Electric system planning and operations are fundamentally changing, but retail rate designs remain stuck in the past. As the bulk system transitions from fuel-burning resources to renewables and storage, our legacy customer electric rates no longer reflect underlying system costs and impede the adoption of electric vehicles (EVs) and building technologies by setting volumetric prices far above marginal costs. New retail rate designs are needed to align customer responses with grid needs and support the achievement of decarbonization goals.
In a new whitepaper, a team of E3 authors present a proposal for multi-part dynamic retail rates. Published as part of a series by the Energy Systems Integration Group (ESIG), the new E3 white paper, “Rate Design for the Energy Transition: Getting the Most out of Flexible Loads on a Changing Grid,” discusses the ways that power system cost structures are changing under decarbonization and describes the implications for the value of customer response. Reducing investment in power grid facilities with high fixed costs such as generation capacity or transmission increasingly requires customer response at specific times and in specific locations. Widespread adoption of new communication technologies and customer distributed energy resources (DERs) such as EVs will make efficient customer response to price signals both more achievable and more important.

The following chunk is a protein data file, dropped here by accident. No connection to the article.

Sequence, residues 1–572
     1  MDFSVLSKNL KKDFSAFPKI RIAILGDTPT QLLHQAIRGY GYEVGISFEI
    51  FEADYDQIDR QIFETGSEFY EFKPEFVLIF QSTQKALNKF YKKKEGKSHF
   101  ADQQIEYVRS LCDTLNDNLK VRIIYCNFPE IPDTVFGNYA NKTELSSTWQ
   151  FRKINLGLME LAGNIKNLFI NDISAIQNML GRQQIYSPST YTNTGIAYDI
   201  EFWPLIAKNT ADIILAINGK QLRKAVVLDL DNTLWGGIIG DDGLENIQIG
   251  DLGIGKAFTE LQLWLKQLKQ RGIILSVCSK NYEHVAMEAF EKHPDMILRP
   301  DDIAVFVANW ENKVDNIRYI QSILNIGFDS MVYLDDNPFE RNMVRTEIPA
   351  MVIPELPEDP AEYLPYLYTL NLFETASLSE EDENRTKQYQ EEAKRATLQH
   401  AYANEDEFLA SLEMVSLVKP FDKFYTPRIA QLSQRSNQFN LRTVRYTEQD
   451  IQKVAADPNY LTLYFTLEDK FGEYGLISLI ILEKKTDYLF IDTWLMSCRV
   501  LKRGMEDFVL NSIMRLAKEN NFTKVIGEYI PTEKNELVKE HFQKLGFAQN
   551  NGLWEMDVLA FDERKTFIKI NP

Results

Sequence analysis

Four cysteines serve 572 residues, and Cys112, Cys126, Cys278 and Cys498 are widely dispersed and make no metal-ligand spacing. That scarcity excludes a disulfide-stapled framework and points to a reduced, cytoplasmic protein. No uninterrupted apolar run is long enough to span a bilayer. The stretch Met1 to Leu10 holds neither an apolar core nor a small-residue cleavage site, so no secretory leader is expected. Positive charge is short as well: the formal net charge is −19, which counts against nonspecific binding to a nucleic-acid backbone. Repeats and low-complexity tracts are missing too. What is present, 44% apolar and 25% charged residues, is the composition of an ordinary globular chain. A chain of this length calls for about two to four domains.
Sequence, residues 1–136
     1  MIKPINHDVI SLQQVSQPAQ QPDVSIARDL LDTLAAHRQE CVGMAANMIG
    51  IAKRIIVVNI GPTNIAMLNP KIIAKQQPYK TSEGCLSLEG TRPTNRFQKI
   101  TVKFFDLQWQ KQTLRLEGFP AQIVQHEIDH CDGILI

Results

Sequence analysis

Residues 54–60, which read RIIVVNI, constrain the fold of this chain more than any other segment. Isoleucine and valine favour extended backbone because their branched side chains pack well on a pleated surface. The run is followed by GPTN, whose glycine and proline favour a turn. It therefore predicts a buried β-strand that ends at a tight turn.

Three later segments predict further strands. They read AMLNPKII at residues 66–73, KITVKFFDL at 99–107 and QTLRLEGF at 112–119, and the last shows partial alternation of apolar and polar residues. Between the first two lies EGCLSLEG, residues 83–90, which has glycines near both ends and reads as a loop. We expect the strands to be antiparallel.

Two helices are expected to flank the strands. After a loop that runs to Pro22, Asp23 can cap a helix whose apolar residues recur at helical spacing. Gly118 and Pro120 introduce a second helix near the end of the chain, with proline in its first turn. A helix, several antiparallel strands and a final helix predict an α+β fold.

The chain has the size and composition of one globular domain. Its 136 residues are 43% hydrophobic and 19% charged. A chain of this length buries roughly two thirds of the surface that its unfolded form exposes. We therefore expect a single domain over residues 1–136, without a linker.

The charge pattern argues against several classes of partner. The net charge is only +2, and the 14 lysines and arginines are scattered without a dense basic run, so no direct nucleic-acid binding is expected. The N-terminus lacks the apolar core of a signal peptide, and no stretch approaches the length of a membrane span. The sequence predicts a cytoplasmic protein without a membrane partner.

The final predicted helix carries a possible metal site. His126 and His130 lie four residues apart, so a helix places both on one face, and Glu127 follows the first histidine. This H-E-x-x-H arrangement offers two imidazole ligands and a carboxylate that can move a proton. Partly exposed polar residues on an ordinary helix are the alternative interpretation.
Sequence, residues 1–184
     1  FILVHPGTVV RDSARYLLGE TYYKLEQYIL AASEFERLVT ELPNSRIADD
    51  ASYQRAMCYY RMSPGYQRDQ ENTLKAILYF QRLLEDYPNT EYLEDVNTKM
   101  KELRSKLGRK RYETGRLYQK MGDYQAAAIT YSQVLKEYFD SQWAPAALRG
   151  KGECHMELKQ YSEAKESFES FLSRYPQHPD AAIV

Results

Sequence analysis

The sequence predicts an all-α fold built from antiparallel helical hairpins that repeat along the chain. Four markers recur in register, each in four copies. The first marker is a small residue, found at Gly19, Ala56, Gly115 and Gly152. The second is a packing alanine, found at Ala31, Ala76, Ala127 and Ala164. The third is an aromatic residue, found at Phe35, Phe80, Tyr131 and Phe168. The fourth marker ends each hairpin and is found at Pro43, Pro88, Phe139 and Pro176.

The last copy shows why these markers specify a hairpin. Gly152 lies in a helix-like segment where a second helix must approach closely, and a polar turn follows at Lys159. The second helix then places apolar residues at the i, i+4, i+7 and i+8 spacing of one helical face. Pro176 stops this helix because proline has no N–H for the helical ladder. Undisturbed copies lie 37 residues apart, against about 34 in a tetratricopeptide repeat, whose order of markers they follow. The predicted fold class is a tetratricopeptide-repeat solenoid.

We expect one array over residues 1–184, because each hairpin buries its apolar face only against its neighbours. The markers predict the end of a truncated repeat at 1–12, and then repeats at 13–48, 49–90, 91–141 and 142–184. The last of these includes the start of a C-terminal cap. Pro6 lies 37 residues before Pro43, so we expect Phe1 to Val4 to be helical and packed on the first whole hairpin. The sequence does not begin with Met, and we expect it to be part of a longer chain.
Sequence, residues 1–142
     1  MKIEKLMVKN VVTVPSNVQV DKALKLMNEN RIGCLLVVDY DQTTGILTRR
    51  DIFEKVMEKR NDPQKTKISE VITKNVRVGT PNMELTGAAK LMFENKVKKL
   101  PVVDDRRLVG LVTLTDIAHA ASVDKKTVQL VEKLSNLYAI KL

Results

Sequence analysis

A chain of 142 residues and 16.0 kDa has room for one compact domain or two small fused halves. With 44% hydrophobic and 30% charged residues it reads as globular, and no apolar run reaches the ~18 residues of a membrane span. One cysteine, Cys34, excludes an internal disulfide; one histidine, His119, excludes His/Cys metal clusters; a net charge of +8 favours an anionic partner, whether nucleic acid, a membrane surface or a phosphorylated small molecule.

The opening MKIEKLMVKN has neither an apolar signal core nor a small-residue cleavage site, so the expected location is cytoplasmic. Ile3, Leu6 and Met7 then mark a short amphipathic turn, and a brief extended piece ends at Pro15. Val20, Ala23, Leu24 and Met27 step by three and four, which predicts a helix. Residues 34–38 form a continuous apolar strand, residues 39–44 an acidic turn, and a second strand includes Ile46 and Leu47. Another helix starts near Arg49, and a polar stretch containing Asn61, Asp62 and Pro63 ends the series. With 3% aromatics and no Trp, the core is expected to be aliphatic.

The paper presents a multi-part dynamic rate design that reflects the underlying costs of an increasingly renewable grid, provides actionable price signals to DERs, and supports vehicle and building electrification that is necessary to achieve decarbonization targets. The proposed multi-part rates include three components: (1) a dynamic hourly energy rate that is low when zero/low-variable cost resources are on the margin; (2) a rate component that encourages reducing load in the critical hours that drive new capacity investment, such as a coincident demand charge or targeted hourly energy rate adders; and (3) a non-bypassable customer charge designed for equity that recovers remaining utility embedded costs.